Back Pain

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There is nothing worse than suffering from a painful back, struggling to get out of bed, up off your chair, large amounts of pain just to get socks and shoes on. The first thing you should know is that it is not the end of the world.

Your back is like any other part of your body and has the ability to heal itself. Back pain has a stigma attached to it due to years and years of unwarranted comments by health ‘professionals’ such as “one sneeze and you could be in a wheelchair” (how is someone supposed to hold a sneeze in?), “don’t pick up your kids ever again” or “even with physio your back will never be the same”.

“Back pain affects up to 85% of the population at some point in their lives. The vast majority (90%) improve over a three month period, but nearly 50% will have at least one recurrent episode.”

What to do when you experience back pain?

Remain Active

Try to remain as active as possible within your limits. Your body is designed for movement, and the more you rest and stay still the stiffer your back will become, meaning it may take longer to get better. Don’t overdo it and try and push through the pain and go for a jog, but if a gentle walk only causes slight discomfort and eases some of the pain, this may be a good idea. Your body is a beautifully designed structure and will tell you how far to push – LISTEN TO YOUR BODY!

Find a position of comfort

Everyone will have a different position of comfort depending on his or her back injury. Your body will tell you where it wants to be.

Here are a bunch of commonly adopted positions that have helped patients in the past:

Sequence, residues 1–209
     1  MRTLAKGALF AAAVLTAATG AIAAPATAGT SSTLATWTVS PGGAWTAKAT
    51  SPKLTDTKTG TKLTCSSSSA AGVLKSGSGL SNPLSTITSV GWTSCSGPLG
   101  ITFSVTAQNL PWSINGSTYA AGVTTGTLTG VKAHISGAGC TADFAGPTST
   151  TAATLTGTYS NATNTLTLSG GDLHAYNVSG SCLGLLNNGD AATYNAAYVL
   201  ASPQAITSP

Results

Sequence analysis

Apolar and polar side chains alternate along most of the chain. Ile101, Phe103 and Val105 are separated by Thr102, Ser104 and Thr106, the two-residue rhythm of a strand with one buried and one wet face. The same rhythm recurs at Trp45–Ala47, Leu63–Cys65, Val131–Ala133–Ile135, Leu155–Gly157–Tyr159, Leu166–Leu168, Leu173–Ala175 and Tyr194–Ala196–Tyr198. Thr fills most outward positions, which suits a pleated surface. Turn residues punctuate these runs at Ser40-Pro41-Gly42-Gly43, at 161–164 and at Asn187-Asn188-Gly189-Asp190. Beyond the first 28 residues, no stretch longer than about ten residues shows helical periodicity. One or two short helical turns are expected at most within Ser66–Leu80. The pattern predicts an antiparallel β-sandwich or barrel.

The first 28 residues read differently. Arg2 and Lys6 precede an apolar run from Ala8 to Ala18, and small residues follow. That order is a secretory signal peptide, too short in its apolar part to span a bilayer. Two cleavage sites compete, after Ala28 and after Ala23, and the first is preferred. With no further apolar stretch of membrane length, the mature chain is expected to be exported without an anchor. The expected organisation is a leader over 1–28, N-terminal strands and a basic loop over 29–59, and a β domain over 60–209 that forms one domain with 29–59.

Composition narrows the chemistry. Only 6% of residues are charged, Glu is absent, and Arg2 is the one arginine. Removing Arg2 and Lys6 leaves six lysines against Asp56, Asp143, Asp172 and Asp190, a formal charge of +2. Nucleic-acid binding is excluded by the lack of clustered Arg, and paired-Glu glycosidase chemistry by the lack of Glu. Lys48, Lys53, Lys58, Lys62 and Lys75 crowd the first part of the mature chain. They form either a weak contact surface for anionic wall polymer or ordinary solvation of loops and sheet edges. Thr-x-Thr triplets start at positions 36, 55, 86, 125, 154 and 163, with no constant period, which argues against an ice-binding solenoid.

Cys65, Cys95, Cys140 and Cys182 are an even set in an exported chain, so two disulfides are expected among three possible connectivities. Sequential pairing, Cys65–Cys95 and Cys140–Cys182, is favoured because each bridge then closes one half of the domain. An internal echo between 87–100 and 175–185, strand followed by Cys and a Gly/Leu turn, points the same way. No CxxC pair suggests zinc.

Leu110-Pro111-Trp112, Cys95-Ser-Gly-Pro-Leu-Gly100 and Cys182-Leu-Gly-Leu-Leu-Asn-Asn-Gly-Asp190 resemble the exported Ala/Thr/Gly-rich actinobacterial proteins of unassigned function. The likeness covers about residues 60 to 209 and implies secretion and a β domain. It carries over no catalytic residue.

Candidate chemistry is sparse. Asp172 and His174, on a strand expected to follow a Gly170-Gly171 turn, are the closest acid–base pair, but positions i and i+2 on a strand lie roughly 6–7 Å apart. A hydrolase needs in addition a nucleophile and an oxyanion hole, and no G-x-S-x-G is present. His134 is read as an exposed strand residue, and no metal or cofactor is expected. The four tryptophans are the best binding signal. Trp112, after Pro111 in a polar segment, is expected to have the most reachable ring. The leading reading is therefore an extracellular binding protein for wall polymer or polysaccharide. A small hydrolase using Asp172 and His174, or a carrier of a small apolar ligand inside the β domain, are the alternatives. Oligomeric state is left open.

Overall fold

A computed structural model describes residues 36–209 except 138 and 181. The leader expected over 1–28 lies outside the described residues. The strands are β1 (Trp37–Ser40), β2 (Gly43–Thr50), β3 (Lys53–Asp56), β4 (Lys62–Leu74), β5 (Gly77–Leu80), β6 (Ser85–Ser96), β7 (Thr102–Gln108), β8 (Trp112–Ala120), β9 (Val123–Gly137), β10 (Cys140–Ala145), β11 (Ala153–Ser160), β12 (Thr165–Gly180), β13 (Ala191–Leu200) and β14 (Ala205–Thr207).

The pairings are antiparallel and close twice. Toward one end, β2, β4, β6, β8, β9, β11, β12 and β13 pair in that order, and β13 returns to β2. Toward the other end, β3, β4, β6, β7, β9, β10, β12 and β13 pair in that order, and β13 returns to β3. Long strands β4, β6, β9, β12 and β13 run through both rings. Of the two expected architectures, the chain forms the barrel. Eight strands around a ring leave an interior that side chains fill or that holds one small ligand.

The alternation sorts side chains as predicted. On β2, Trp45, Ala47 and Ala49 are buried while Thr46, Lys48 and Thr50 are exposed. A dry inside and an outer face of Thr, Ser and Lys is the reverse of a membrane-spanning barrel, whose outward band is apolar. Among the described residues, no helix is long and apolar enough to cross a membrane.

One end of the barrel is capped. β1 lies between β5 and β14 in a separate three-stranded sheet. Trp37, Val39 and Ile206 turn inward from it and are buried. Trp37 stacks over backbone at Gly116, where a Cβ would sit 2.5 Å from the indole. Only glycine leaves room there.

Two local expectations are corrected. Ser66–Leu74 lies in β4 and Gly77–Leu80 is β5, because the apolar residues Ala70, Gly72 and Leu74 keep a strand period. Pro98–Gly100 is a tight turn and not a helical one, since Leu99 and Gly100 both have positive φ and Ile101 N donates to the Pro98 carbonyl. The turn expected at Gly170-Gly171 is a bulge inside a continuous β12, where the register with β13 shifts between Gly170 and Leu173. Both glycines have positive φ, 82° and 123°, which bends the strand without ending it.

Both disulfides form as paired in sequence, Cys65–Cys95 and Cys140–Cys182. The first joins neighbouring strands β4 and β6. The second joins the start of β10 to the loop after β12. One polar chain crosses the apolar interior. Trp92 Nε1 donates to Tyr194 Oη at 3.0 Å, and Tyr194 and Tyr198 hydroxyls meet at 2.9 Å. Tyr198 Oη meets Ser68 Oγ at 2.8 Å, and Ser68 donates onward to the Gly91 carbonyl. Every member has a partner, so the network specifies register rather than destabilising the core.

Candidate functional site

• Lay on your back with pillows or a rolled up blanket underneath your knees
  • Lay on your side with a pillow wedged underneath your stomach and a pillow in between your knees
  • Sitting on couch/chair – place a pillow or folded up towel behind your back
  • No matter how comfortable a position try not to stay in the same position for too long. Every half hour get up, go for a gentle walk around the house and try and adopt another position if you can.

    Pain Relief

    In the first 48 – 72 hours the brain will send natural inflammatory properties to the area of injury. These neurochemicals can irritate sensitive nerve endings and cause a whole lot of pain. If it’s too much to bear try taking over the counter pain relief. Be sure to check with your GP that it safe to take. Try to limit your use of painkillers, maybe using it when you really need it such as an hour before bed, so at least you can fall asleep.

    Hot and Cold Packs

    Different people respond to different treatments. Sometimes heat can relax the area and provide temporary relief, using heat packs, hot shower or bath. Other patients enjoy the numbing effect cold packs create. While others enjoy 5 – 10 minutes of a cold pack followed by 5 – 10 minutes of heat. Trial each method and see what your body responds to.

    See a Physio

    A Physio will determine the extent of your injury. There is no need to have an X-Ray or CT scan straight away. If your physio believes it is a little more serious or you want peace of mind, then this may be helpful. Gentle massage, heat, gentle mobilisations of a locked joint, acupuncture and some gentle stretches can provide back pain relief and increased movement immediately. You may need to see your physio once or twice more and be back to full movement free of pain. A physio should also determine what caused your injury and training your muscles to prevent further injury occurring down the track.

    Please book an appointment as soon as possible. The earlier we can see you the quicker we can get you back to 100%. When I suffered back pain, for the first three days I kept telling myself “She’ll be right” when actually she wasn’t. I saw my therapist eventually and the problem was solved. Why did I waste those first three days of suffering in pain?

    WARNING – Severe Symptoms:

    If you suffer from back pain and suddenly develop the following symptoms, please see a doctor straight away:

    • Difficulty passing or controlling urine
    • Numbness around your back passage or genitals
    • Unsteadiness on your feet
    • Numbness, pins and needles or weakness in both legs
    •  

      Reference:
      1) Brukner, P. and Kahn K.,2007, Clinical Sports Medicine, McGraw Hill, Australia

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